Polish Catholic Leader Asks Ukraine and Russia’s Bishops to Join in Prayer for Peace
The crisis at the border has led to fears that a full-scale Russian invasion of Ukraine is imminent.
The president of the Polish Catholic bishops’ conference appealed on Monday to Christian leaders in Ukraine and Russia to unite in prayer with Poland to stave off war.
“We are bound together by a common history and the holy Christian faith,” Archbishop Stanisław Gądecki wrote in a Feb. 14 letter to the Orthodox and Catholic bishops of Russia and Ukraine.
“Let us therefore unite the spiritual efforts of the followers of Christ of different denominations in Russia, Ukraine, and Poland, together offering fervent prayer to the One who alone is Peace, to avert the specter of another war in our region,” he said.
Poland shares a border with Ukraine. On Ukraine’s eastern side, where it borders with Russia, the country has seen a build-up of Russian military personnel in recent weeks. The crisis at the border has led to fears that a full-scale Russian invasion of Ukraine is imminent.
According to the Guardian, Russia has at least 130,000 troops at the border. United States officials have expressed hope that a diplomatic resolution is still within reach.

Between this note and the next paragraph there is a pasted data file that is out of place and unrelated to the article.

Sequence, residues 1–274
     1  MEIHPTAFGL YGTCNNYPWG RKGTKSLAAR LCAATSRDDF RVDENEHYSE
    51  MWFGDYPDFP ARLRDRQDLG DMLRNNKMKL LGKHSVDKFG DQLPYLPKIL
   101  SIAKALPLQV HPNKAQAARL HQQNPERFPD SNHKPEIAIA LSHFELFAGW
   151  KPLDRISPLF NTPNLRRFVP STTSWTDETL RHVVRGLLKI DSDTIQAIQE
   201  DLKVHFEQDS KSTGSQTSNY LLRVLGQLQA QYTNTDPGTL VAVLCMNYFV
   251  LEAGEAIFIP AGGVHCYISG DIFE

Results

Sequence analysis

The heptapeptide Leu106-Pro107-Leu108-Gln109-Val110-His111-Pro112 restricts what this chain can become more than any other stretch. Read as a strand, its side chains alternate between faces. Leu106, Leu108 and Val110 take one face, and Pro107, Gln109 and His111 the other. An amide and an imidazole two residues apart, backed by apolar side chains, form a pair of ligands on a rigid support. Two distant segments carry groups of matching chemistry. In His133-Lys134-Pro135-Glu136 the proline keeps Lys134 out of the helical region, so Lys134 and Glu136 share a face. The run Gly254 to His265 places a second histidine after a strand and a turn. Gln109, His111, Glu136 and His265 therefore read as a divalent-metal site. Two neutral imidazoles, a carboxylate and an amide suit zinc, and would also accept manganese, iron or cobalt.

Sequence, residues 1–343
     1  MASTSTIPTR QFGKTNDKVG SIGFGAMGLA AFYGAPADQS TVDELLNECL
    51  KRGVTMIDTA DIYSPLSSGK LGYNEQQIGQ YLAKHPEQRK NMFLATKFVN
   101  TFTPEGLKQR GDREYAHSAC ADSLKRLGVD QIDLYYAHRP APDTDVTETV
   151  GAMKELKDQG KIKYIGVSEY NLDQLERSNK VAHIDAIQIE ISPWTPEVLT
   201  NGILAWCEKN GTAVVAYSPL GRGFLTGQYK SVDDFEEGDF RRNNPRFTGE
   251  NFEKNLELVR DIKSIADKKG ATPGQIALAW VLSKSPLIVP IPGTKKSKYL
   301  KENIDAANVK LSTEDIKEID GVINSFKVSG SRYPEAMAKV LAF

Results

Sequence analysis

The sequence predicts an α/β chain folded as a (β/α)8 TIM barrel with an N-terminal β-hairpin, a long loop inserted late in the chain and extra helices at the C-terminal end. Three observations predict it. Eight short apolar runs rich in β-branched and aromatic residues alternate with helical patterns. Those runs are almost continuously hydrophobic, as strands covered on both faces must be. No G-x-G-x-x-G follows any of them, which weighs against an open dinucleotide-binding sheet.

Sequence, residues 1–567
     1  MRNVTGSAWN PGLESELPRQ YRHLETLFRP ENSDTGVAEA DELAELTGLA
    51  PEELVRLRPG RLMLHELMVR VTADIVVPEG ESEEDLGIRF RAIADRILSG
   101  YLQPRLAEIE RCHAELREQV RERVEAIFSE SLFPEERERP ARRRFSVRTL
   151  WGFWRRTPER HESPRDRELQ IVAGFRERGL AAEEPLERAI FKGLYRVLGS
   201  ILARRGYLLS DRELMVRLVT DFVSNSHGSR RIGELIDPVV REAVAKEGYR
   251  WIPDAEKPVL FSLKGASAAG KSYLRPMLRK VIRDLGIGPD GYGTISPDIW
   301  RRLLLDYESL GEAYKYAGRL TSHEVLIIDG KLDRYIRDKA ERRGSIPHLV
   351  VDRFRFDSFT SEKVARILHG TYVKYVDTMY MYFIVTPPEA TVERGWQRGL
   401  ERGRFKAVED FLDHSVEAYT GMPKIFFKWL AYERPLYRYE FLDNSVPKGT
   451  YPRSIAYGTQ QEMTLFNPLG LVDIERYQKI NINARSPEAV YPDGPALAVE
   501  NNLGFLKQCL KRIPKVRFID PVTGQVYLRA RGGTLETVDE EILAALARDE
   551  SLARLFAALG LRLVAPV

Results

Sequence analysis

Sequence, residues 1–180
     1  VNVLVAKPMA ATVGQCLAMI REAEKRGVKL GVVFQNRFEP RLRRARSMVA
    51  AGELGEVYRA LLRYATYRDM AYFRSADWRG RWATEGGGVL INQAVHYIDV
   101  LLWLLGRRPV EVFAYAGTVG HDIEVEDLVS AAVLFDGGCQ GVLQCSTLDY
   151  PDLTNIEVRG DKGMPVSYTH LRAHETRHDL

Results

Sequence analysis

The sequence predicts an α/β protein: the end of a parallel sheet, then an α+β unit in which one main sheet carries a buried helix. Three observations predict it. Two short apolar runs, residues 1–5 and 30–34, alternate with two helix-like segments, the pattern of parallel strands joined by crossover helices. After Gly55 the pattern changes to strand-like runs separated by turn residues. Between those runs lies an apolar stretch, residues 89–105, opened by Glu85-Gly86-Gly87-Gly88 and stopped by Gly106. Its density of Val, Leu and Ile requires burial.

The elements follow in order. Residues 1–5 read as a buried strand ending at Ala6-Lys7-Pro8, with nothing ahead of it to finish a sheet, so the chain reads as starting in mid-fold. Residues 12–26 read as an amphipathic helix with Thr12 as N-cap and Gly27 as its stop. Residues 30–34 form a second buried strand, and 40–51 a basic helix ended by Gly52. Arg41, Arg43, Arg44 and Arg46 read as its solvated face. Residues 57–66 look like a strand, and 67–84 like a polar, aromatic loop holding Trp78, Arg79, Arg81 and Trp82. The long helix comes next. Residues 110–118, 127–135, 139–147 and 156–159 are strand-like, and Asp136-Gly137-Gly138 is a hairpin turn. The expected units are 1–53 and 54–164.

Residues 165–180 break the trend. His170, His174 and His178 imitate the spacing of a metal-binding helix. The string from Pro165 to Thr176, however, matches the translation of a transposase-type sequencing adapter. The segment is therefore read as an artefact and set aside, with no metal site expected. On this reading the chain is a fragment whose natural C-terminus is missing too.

“I address you, dear brothers, as a bishop of a country that neighbors both Russia and Ukraine,” Archbishop Gądecki said. “Every war is madness.”
Recipients of Archbishop Gądecki’s letter included Patriarch Kirill of Moscow, the leader of the Russian Orthodox Church.
“The fact that Russia and Ukraine are two Christian and Slavic nations would add drama to the war between them,” the Polish archbishop wrote. “In human terms, therefore, and in God’s terms, these two different nations should have much in common and it should lead them not to hatred, but to mutual respect and friendship. A necessary condition for this to occur is respect for the rights of the nations, including the right to self-determination and territorial integrity.”
Archbishop Gądecki recalled the two world wars of the previous century and quoted a line from the Polish Pope John Paul II’s message for the World Day of Peace in 2000: “Wars are often the cause of further wars because they fuel deep hatreds, create situations of injustice and trample upon people’s dignity and rights. Wars generally do not resolve the problems for which they are fought and therefore, in addition to causing horrendous damage, they prove ultimately futile.”
“May our prayerful effort be a cry to prevent the suffering and death of thousands of innocent human beings, especially the weakest, defenseless, who will not find the strength and possibility to escape the conflagration of war,” the archbishop wrote.